Post Baccalaurate Teacher Licensure

Discussion in 'Student & Preservice Teachers' started by Immerito, Apr 3, 2019.

  1. Immerito

    Immerito Rookie

    Aug 27, 2014
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    Apr 3, 2019

    Does anyone know of a college or university in Illinois or Missouri that allows for students to complete teacher certification by taking classes solely online or evenings and weekends and online?

    Trying to go back and finish my teacher certification but need to work full time as well.
  3. TeacherGroupie

    TeacherGroupie Moderator

    May 13, 2005
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    Apr 3, 2019

    I hate to be the bearer of news you may not want to hear, but...

    • In most if not all states, most programs that are online or weekend also have a student teaching requirement that, because it involves students, pretty much HAS to be completed in a school during regular school hours. Plan on having to take off work for between six weeks and a semester, depending on the program.
    • Teacher-certification units that you have already fulfilled in Institution A's licensure program may transfer only partly or not at all to Institution B's program, especially if one of the institutions is a state school and the other isn't and/or the units you have aren't very recent. In other words, you will be entering Institution B under Institution B's current licensure program requirements, and you may find yourself having to retake some or all of your previous coursework to satisfy those requirements. You'll want to inquire very carefully about this - let me recommend getting hold of an unofficial transcript from Institution A, to take with you when you interview with Institution B, or to mail copies of - and you might do well to get a written statement from Institution B before you plunk down real money that lists what you do need to retake and what you don't.

    On a happier note, if your units were from a state school and not very recent, you might well find that that school has sprouted a part-time (evening or weekend or both) or online licensure program in the meantime. Phone the school of education and ask; and you might even be able to set up an appointment with an advisor without committing yourself to anything.

    A to Z members have also indicated that Western Governors University (I think it's strictly online) is fairly good and fairly reasonably priced. Online programs are quite likely to be based in someone else's state, and sometimes that means that you have to pass the other state's teacher tests to get a valid credential in the school's state that you can then transfer to the state in which you actually want to teach. Given that you've specified EITHER Illinois OR Missouri, I'll guess that your preferred location would make it feasible to work in either; if that's the case, you may well find that you're well served by holding both certifications anyway.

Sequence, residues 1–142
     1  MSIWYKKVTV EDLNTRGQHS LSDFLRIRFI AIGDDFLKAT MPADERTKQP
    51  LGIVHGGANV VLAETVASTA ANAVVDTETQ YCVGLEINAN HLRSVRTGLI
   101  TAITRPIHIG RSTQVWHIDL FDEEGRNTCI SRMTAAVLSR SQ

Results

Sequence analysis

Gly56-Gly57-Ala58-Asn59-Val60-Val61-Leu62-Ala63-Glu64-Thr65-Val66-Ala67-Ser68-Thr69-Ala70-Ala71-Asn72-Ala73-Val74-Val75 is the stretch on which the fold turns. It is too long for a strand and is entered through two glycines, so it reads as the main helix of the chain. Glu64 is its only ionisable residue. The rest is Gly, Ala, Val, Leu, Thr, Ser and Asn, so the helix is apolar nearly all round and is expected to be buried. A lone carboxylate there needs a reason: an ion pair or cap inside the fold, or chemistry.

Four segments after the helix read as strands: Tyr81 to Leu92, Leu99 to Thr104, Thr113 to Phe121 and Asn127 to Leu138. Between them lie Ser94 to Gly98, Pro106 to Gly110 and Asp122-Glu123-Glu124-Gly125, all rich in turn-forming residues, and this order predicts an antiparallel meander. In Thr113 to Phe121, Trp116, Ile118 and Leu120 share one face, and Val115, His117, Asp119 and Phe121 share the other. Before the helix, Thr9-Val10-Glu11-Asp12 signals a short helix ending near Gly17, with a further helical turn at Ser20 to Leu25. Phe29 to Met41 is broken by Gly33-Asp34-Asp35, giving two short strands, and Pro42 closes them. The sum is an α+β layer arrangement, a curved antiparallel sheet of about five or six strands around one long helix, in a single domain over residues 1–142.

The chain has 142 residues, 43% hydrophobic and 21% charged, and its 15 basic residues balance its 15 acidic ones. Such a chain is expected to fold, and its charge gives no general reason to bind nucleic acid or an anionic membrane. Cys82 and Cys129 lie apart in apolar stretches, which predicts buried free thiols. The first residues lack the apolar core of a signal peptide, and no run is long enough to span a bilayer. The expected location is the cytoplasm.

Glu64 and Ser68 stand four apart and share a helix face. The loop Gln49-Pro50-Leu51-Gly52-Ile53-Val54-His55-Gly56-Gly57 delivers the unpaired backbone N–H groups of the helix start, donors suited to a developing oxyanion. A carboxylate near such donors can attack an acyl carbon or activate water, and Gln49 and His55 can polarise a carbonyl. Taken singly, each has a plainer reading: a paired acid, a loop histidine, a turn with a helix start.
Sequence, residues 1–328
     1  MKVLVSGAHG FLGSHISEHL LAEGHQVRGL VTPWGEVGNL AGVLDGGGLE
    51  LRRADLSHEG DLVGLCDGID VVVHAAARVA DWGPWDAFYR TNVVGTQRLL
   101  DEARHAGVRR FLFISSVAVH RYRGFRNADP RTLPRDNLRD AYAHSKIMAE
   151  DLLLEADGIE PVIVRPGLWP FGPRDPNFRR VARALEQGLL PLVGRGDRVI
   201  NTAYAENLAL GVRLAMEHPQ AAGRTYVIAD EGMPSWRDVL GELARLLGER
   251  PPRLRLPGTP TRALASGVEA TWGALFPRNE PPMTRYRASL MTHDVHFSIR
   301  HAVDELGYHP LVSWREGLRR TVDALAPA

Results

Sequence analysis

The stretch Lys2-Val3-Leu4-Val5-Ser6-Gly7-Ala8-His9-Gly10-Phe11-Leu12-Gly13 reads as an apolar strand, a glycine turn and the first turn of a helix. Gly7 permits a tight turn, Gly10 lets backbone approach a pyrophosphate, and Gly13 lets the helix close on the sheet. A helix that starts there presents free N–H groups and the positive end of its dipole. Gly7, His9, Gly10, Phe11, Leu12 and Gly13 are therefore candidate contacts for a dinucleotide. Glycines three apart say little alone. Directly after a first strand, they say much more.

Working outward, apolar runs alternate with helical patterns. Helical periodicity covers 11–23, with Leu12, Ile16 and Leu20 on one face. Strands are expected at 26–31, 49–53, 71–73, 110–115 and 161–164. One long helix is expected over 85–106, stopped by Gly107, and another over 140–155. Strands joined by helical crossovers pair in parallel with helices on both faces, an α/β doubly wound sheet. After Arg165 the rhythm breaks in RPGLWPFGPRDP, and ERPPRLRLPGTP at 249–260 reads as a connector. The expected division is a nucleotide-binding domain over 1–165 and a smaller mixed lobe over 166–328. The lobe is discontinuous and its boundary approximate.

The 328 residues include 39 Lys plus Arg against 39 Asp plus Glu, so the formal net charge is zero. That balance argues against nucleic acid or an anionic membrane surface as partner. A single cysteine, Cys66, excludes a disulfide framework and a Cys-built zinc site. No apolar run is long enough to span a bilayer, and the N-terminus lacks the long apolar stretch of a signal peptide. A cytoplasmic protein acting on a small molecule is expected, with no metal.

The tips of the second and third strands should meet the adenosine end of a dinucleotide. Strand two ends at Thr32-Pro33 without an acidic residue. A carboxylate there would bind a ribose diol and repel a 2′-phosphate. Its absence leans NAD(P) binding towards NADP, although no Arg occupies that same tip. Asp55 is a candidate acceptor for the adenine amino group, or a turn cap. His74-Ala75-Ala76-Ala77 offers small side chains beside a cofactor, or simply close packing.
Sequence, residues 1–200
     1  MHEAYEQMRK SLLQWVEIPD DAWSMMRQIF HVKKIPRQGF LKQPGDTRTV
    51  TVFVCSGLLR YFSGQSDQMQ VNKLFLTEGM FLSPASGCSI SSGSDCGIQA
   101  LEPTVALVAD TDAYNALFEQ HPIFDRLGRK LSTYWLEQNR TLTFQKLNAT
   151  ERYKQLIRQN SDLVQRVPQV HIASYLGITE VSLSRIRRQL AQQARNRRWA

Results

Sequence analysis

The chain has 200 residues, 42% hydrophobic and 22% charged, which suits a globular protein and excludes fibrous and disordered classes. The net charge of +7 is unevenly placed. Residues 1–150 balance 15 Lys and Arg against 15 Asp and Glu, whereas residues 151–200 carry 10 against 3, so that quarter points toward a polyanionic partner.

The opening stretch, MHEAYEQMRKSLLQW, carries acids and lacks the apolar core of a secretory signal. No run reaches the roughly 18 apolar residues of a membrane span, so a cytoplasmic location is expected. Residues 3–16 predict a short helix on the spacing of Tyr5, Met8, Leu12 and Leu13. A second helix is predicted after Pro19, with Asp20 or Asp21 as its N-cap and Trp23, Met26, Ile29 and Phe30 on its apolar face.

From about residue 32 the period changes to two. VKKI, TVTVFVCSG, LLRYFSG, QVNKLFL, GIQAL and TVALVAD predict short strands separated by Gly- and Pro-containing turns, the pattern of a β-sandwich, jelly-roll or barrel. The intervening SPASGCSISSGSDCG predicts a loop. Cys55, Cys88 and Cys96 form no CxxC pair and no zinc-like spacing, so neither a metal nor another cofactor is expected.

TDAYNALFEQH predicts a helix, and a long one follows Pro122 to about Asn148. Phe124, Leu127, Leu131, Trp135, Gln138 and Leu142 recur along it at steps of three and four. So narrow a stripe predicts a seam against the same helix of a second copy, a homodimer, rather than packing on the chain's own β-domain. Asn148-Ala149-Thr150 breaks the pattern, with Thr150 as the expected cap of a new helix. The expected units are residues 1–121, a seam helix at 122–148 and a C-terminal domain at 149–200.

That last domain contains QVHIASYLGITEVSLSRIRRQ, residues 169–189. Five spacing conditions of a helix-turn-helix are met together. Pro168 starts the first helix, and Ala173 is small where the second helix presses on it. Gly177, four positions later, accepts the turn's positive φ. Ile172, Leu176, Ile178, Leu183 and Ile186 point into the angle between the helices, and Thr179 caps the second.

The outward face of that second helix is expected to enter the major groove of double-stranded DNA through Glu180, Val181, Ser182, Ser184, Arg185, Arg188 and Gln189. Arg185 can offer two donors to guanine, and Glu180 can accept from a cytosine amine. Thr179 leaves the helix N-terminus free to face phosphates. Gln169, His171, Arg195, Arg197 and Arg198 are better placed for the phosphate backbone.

futuremathsprof likes this.
  4. ChildWhisperer

    ChildWhisperer Groupie

    Jun 25, 2015
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    Apr 3, 2019

    National Louis University in Illinois offers evening classes for their Masters programs. You will have to do a certain number of hours of clinical observations each quarter in a school though.
    And then student teaching at the end will be full-time
  5. skyline

    skyline Companion

    Feb 11, 2014
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    Jun 4, 2019

    I had the same problem in my state. I looked high and low, but couldn't find anything that didn't require me to quit my job. The workload to meet university requirements was insane. I easily spent 25-35 hours a week on college assignments, and had to spend many hours in the field on top of that, not to mention the 12 hours spent in college classes a week (online or in a tradition classroom). Sorry, I know it's not what you were hoping to hear! It was more than a full-time job, so essentially, if I kept my full-time job, it would be like working 2 full-time jobs, one of which I would need to invest more than 40 hours a week.
  6. bella84

    bella84 Aficionado

    Jul 20, 2012
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    Jun 4, 2019

    I realize this thread is about two months old, but I'm in Missouri and near Illinois, certified in both states. I have many questions/comments for the OP:
    - You previously posted about earning certification in Texas? Did you ever do that? Is that where you started your certification program?
    - What are you wanting to be certified in? The program requirements will vary for different programs (like elementary vs. secondary, for example).
    - As was already mentioned, you'll have to quit working full-time in order to student teach, when you get to that part of the program (assuming you never did student teaching in your first program). Both states will require some sort of practicum/student teaching in order to gain certification. The length of time will be dependent upon the university/college that you choose.
    - There are many schools in the St. Louis area (near both MO and IL, and possibly where you live?) that offer Masters level evening and some online courses. However, you'll still have practicum hours that need to be completed from time to time.
    - It's easier to transfer a certification into Missouri than into Illinois. Just something to keep in mind.
    - Missouri has a much better retirement system than Illinois. Also something to keep in mind.

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